The EESC – the Industry, Research and Energy (ITRE) Committee of the European Parliament – has called for a massive reduction of oil demand in Europe year by year over the next 40 years. The objective is to reduce demand by more than 50% by 2050.
“The two critical factors which will shape the future of oil over the next decades are the acceleration of climate change, and the growing difficulties of obtaining secure access to diminishing global resources of oil .” explained Derek Osborn, rapporteur of the opinion and member of the EESC’s Section for Transport, Energy, Infrastructure and Information Society.
Osborn added: “The European Union has made a good start on the measures needed within Europe with its Climate Change and Energy package. These can and should be implemented swiftly and vigorously. But, even if that is achieved, the EESC believes that a further set of measures will be needed before we have a fully adequate and comprehensive strategy for Europe… We need to make these changes swiftly and cooperatively so as to create a European model for transforming our economy to a low carbon base that will be attractive and influential in the rest of the world.”
The EESC opinion makes concrete proposals to reduce European oil demand in key sectors, such as transport, construction and building, power generation.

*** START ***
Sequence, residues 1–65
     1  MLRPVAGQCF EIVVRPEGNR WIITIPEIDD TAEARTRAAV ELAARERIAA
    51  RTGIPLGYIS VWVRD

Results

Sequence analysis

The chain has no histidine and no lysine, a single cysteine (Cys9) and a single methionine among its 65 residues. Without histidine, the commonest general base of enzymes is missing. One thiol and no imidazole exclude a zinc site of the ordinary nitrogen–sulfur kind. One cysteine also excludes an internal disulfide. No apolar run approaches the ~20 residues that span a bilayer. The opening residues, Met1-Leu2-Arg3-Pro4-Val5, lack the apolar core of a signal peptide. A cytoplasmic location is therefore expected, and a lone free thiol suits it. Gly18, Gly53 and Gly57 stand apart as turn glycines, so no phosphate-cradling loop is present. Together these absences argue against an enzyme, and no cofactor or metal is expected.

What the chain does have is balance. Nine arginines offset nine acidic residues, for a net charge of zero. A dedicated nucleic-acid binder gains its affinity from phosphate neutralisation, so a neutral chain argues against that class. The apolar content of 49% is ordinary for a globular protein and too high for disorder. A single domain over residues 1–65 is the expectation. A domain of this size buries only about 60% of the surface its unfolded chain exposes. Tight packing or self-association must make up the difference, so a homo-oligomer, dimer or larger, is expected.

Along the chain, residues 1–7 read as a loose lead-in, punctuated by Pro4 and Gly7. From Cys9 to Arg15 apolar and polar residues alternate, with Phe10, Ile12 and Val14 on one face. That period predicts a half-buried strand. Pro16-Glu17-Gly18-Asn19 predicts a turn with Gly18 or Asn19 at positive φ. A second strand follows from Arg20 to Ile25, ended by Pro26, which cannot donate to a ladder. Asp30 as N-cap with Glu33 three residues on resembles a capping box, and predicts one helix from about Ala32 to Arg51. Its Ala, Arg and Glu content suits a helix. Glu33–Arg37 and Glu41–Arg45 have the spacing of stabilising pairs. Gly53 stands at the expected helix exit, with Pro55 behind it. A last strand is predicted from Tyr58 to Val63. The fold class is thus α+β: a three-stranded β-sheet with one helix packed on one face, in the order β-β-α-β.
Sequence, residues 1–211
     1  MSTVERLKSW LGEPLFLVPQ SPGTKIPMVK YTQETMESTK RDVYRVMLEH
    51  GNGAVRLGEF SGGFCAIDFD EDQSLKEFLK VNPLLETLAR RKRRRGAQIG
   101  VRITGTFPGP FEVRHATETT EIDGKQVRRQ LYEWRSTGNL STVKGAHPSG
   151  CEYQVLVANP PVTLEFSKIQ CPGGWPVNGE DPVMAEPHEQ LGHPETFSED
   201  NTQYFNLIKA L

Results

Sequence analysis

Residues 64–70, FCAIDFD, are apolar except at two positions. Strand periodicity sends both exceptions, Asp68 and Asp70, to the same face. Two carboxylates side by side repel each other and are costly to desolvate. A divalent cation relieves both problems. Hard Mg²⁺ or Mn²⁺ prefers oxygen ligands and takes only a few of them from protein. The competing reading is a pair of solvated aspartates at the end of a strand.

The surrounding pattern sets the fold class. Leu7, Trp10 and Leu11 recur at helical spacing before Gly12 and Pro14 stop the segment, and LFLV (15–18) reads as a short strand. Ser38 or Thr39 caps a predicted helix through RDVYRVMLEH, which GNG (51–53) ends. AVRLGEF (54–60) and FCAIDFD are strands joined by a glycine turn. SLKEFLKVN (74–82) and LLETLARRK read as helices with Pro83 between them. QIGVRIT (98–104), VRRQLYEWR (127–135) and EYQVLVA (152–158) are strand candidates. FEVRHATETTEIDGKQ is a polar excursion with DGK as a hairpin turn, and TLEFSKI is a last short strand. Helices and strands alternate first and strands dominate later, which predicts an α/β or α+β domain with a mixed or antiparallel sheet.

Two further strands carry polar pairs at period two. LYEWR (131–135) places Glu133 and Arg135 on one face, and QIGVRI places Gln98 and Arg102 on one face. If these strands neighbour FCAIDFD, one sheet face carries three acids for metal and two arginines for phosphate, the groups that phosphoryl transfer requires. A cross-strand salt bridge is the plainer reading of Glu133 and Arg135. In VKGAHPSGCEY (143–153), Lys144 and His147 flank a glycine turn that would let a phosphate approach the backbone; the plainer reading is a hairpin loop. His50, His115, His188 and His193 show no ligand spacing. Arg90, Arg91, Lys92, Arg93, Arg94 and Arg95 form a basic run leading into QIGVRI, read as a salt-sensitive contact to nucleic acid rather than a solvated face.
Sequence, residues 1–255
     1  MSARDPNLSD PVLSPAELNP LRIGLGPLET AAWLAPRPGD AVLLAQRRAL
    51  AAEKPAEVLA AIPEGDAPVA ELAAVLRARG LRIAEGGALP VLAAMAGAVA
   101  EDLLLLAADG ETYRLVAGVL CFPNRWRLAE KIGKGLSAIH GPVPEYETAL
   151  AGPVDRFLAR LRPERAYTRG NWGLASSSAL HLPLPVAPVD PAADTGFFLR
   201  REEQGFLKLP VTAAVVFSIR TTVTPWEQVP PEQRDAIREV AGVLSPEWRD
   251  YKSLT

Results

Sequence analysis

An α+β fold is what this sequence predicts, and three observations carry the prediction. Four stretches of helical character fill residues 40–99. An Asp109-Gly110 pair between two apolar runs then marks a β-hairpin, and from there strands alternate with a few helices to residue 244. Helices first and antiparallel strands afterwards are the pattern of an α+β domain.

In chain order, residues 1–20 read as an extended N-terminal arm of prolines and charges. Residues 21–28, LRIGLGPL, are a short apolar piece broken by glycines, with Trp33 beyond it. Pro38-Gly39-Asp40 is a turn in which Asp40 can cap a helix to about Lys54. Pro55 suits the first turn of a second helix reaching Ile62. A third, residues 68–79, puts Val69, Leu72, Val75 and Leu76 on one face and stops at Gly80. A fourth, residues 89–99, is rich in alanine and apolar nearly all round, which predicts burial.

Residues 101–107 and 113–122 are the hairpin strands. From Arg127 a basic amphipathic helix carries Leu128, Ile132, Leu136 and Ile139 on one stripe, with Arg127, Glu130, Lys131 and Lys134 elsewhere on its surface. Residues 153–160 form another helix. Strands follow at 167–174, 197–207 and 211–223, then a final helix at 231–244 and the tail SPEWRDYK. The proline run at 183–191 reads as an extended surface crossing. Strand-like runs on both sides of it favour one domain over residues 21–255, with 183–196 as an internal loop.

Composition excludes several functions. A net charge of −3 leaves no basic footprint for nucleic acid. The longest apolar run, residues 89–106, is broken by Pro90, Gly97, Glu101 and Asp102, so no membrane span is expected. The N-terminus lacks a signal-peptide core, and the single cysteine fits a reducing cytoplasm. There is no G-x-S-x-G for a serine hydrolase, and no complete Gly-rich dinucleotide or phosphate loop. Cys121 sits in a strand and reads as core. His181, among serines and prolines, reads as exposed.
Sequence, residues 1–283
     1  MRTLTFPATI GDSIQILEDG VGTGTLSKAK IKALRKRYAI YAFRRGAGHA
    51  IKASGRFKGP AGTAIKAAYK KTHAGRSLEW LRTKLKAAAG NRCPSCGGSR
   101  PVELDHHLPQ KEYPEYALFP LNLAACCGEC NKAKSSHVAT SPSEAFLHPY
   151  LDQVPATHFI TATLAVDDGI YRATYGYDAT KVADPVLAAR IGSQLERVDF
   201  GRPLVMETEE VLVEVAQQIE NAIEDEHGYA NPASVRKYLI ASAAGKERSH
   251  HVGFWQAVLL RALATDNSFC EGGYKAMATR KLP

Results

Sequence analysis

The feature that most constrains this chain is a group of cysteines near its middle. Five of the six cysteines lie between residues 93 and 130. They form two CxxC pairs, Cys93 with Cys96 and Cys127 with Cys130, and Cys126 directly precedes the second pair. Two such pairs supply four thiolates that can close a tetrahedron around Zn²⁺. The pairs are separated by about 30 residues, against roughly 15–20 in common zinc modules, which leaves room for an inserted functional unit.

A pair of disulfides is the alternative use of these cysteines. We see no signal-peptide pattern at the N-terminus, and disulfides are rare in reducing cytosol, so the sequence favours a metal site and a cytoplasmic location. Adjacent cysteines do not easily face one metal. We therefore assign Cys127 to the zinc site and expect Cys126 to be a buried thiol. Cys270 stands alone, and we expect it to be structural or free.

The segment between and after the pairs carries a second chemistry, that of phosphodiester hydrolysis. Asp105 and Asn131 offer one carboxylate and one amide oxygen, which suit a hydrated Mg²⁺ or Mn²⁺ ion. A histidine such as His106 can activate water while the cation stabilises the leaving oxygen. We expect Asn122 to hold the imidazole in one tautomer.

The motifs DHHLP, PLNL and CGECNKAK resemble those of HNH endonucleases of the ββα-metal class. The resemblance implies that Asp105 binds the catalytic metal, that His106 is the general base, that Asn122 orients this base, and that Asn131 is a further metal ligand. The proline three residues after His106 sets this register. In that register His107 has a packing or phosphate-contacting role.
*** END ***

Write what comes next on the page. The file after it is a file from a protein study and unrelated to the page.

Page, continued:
This EESC opinion was requested by the European Parliament to obtain the view of Europe’s organised civil society on the long-term trends of oil supply and demand, and the Parliament’s ITRE Committee is due to adopt a report on this topic on 20 January.
Derek Osborn added “Reducing Europe’s consumption of imported oil and relying more on Europe-based alternative energy sources will also make us less vulnerable to oil-price shocks and longer term interruptions or constraints on oil supply. The high oil prices of the first half of 2008 were a wake-up call. The subsequent decline in prices does not mean that the long-term problem has gone away. We need to act now to make our society less dependent on a resource that is certainly finite and can only become more difficult to obtain in the years ahead.”